Be prepared

Last Updated on Thursday, 20 October, 2022 at 3:13 pm by Andre Camilleri

Silvan Mifsud

One of the main roles of business leadership is making sure that the business is prepared to survive whatever the external business environment throws at it. The recent IMF Economic Outlook does not carry good news. In a nutshell the report outlines that the global economy continues to face steep challenges, shaped by the lingering effects of three powerful forces: the Russian invasion of Ukraine, a cost-of-living crisis caused by persistent and broadening inflation pressures and the slowdown in China. On the other hand, the tightening of monetary policies that delivered unprecedented support in the past, will obviously effect demand, as policymakers aim to lower inflation back to target. The global economy’s future health rests critically on the successful calibration of monetary policy, the course of the war in Ukraine and the possibility of further pandemic-related supply-side disruptions, for example, in China. All this is resulting in having a growing share of global economies that are in a growth slowdown or outright contraction.

If we take a closer look at home, with regards the GDP growth projections for Malta we can see that like all other Euro Area countries, our economic growth for next year is projected to fall significantly. Notwithstanding this drop in economic growth the Maltese economy is forecast to perform better than most other Euro Area economies in 2023.

If one were to have a look at the GDP Growth Projections for Malta, issued by the IMF over the past year, one would see that the projections for 2023 and 2024 have been worsening from one forecast to another, as the headwinds outlined above developed further.

So as the growth of Malta’s economy is very likely to slow down, like the rest of the world’s economies, business leaders would do well to prepare their businesses accordingly. Below are some pointers in this direction:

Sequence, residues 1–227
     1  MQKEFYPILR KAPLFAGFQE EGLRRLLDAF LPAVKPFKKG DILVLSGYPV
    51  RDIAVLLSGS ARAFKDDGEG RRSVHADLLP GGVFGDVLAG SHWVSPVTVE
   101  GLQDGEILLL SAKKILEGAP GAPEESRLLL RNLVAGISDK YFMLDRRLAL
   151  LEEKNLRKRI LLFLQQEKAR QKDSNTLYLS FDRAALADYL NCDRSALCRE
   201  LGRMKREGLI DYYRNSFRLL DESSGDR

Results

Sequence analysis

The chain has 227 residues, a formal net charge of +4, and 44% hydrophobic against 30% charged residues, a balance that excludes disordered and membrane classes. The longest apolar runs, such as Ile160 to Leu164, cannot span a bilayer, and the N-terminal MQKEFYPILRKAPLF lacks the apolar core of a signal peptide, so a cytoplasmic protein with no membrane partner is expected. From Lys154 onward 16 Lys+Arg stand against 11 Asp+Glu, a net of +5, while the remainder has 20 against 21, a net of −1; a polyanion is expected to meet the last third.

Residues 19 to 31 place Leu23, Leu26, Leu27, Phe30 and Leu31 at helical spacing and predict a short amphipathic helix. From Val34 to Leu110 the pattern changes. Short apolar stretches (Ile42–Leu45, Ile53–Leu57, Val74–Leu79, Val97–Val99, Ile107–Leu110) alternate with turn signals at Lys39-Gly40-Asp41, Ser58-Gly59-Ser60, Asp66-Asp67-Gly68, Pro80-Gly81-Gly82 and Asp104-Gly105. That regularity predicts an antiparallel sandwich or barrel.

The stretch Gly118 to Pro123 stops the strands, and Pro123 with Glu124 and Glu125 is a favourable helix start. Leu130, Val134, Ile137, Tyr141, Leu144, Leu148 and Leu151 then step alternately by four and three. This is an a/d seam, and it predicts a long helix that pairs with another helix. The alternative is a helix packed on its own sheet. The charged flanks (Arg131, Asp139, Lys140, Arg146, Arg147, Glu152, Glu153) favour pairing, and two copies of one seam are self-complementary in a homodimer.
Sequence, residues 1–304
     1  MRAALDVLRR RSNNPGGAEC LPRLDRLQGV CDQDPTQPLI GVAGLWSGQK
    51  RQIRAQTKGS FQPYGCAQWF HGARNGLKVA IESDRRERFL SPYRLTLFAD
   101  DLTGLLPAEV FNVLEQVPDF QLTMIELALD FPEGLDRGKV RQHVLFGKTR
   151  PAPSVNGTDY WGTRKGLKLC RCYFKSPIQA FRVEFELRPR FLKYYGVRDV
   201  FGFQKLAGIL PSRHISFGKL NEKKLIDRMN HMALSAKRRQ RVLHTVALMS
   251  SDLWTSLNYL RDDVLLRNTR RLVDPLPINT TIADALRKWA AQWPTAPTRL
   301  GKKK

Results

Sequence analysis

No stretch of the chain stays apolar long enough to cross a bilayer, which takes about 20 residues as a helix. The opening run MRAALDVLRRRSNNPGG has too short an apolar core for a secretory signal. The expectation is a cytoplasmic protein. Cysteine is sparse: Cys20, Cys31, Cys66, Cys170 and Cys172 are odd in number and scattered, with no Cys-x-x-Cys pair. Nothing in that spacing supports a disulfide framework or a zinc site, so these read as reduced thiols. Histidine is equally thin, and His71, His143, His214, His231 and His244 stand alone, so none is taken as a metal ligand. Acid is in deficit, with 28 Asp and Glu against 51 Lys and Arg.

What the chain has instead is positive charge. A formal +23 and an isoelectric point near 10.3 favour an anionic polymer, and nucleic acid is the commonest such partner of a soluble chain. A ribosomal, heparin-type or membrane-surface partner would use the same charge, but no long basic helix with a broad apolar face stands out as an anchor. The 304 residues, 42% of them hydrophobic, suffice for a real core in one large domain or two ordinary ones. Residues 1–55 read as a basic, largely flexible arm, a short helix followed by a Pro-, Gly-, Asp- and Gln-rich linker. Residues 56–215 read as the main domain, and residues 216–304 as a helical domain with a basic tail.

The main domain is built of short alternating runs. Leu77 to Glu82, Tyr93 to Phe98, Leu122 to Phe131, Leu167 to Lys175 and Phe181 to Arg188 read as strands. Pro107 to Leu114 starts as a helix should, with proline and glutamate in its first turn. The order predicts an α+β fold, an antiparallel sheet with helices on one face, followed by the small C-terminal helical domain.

• Take the tough decisions: Management’s decisiveness is a critical success factor in any organisation’s ability to deal with challenges, giving employees a sense of purpose and safety. Management that fails to make tough decisions, hoping the problem will go away on its own and instead opt for a process that could best be described as a “death of a thousand cuts”. It is simply a recipe for disaster.
  • Manage risk and create contingencies: Managing risk requires increased attention to financial planning so a business can continue to exploit its opportunities and strengthen its competitive position. Effective financial management, especially in challenging times requires a very disciplined approach and a shift in focus from growth in turnover and profits to the balance sheet and cash, debt, inventories and receivables. This financial focus demands considering the impact of different performance scenarios on long-term liquidity and debt. You need to survive before you can grow!
  • Get data, analyse it and communicate: Communication during challenging times provides two valuable purposes, first to inform and second to motivate. Engaged and well-informed employees are more willing to make sacrifices that contribute to the business’ future success. Listening to people’s concerns and fears and allowing them to contribute ideas to creating a new vision for the family business is an important tool for strengthening long-term relationships and building commitment.
  • Make sure you have an effective business governance setup: If there is one certainty is that businesses need stronger governance processes that focus on leadership, accountability and performance. Effective governance is critical because a business cannot survive if there isn’t a sense of accountability whereby non-performing management is put on the spot. If governance is not effective, then there are no forces to counterbalance management and the business can suffer from the owners’ complacency.